Amazon CloudWatch vs Stackdriver: What are the differences?
Developers describe Amazon CloudWatch as "Monitor AWS resources and custom metrics generated by your applications and services". With Amazon CloudWatch, you gain system-wide visibility into resource utilization, application performance, and operational health. Programmatically retrieve your monitoring data, view graphs, and set alarms to help you troubleshoot, spot trends, and take automated action based on the state of your cloud environment. On the other hand, Stackdriver is detailed as "Monitoring, logging, and diagnostics for applications on Google Cloud Platform and AWS". Google Stackdriver provides powerful monitoring, logging, and diagnostics. It equips you with insight into the health, performance, and availability of cloud-powered applications, enabling you to find and fix issues faster.
Amazon CloudWatch and Stackdriver belong to "Cloud Monitoring" category of the tech stack.
Some of the features offered by Amazon CloudWatch are:
- Basic Monitoring for Amazon EC2 instances: ten pre-selected metrics at five-minute frequency, free of charge.
- Detailed Monitoring for Amazon EC2 instances: seven pre-selected metrics at one-minute frequency, for an additional charge.
- Amazon EBS volumes: eight pre-selected metrics at five-minute frequency, free of charge.
On the other hand, Stackdriver provides the following key features:
"Monitor aws resources" is the top reason why over 70 developers like Amazon CloudWatch, while over 10 developers mention "Monitoring" as the leading cause for choosing Stackdriver.
According to the StackShare community, Amazon CloudWatch has a broader approval, being mentioned in 721 company stacks & 334 developers stacks; compared to Stackdriver, which is listed in 58 company stacks and 18 developer stacks.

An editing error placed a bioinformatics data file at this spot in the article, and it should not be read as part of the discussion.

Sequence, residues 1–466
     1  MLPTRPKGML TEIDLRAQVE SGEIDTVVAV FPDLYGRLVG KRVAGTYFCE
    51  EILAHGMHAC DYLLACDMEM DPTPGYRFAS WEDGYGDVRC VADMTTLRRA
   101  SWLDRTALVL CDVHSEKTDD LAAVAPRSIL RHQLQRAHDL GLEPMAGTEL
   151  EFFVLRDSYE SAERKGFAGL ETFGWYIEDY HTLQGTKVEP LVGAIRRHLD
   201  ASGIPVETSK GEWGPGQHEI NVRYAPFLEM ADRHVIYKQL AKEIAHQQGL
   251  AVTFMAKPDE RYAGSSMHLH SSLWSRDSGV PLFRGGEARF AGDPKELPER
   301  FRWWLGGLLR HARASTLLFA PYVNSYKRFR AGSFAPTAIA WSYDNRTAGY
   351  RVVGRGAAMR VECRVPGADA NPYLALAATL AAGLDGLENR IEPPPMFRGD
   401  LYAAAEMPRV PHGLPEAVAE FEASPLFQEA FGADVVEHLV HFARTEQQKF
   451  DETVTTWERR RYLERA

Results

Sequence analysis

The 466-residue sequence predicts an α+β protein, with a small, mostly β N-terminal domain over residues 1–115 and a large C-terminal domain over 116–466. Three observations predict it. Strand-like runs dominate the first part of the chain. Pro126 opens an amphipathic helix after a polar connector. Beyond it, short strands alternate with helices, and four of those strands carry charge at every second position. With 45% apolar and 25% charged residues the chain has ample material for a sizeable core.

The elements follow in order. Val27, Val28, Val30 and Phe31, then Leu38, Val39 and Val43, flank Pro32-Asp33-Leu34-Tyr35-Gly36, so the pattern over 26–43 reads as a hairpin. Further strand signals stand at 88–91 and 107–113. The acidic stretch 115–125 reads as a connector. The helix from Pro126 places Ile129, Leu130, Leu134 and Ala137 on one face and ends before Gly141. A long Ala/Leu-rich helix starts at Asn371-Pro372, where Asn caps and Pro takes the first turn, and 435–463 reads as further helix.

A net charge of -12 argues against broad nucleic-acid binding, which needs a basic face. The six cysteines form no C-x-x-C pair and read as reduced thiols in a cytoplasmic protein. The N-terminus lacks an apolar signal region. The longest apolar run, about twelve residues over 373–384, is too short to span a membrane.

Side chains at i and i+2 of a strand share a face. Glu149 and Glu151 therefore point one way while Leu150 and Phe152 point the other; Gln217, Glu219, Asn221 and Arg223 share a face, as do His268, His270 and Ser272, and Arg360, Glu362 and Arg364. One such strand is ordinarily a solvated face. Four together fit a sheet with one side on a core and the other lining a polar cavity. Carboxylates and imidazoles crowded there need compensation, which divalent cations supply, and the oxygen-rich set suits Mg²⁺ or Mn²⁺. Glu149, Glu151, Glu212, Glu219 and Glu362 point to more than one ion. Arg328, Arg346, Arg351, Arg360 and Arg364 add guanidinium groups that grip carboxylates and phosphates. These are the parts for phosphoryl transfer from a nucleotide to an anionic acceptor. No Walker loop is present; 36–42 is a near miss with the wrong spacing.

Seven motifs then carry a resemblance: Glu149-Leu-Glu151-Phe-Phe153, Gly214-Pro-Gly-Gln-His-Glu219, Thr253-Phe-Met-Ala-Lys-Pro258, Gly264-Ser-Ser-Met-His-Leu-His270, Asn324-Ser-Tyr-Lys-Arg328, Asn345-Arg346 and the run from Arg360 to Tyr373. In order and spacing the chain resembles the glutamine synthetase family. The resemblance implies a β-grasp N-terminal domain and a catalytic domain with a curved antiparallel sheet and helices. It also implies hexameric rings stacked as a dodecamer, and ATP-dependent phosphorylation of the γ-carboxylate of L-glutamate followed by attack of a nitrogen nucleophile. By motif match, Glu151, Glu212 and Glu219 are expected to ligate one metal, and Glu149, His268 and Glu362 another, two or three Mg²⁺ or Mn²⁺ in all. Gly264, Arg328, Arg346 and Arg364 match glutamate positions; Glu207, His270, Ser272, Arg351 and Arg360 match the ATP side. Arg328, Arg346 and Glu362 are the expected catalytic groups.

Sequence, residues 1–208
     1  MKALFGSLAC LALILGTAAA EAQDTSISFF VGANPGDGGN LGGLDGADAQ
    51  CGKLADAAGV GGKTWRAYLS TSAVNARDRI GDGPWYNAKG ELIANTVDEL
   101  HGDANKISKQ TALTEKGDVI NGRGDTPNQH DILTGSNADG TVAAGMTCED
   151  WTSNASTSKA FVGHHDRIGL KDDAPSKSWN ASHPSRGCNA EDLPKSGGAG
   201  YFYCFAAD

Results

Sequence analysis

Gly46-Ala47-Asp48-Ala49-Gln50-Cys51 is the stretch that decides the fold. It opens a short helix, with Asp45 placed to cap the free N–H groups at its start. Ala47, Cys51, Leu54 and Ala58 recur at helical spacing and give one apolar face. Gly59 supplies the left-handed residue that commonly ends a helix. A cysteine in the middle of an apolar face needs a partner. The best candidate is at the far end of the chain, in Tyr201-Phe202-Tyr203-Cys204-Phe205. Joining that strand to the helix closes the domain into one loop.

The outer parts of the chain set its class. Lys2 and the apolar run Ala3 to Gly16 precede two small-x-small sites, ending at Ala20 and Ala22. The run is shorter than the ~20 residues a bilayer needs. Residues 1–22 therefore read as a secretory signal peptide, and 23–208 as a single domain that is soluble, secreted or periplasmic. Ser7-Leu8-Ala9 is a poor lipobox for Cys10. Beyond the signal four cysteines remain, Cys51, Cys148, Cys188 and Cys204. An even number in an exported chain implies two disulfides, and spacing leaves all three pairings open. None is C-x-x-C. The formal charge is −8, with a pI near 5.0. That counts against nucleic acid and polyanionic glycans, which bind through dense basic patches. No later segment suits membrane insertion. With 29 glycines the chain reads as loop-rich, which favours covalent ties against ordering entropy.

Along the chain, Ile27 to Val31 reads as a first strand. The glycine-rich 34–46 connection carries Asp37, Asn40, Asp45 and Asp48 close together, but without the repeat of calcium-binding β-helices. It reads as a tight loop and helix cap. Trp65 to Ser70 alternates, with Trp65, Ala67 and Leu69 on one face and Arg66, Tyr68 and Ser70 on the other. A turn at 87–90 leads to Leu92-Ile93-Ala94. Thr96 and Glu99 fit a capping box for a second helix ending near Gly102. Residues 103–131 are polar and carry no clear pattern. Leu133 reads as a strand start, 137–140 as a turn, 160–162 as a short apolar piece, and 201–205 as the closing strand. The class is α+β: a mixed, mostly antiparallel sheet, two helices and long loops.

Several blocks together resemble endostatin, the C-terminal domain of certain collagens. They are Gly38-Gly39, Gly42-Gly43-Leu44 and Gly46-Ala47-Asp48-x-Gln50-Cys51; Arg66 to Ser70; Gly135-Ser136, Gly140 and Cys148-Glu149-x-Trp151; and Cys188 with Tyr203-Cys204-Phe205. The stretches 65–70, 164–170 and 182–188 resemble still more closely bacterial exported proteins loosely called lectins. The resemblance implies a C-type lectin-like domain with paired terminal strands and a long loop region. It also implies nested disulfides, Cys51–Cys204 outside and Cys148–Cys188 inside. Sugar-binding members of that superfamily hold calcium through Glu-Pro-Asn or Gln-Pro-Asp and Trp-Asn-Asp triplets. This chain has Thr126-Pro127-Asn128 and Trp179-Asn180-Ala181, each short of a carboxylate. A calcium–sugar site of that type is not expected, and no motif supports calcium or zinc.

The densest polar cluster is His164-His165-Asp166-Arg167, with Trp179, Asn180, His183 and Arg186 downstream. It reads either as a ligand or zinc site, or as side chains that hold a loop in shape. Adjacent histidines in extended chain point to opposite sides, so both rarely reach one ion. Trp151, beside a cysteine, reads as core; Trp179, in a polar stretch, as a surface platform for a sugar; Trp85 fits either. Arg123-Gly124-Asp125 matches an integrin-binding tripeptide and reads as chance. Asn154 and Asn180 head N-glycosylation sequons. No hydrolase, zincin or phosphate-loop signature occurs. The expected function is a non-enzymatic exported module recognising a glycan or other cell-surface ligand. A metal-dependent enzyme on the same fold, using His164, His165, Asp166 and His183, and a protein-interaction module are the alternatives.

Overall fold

What is Amazon CloudWatch?
What is Stackdriver?
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What are the cons of using Amazon CloudWatch?
What are the cons of using Stackdriver?
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If you have a single server, checking log files is as easy as SSHing to it and viewing logs. When you move to the container world, with many servers, you need a place to aggregate and search through all of your logs. CloudWatch provides us with this and it was trivial to setup.
CloudWatch is “on by default” in Amazon. And by just configuring a few alarms you can have a near-zero-cost monitoring service of your own.
- Collect metrics for Grafana.
- Alerts for AutoScale.
- Centralized-logging: rds, ec2, app logs with CloudWatch Log
CloudWatch is used to monitor various aspects of our production infrastructure deployed at Amazon.
CloudWatch is used to monitor our servers on AWS including our EC2, RDS and ElastiCache.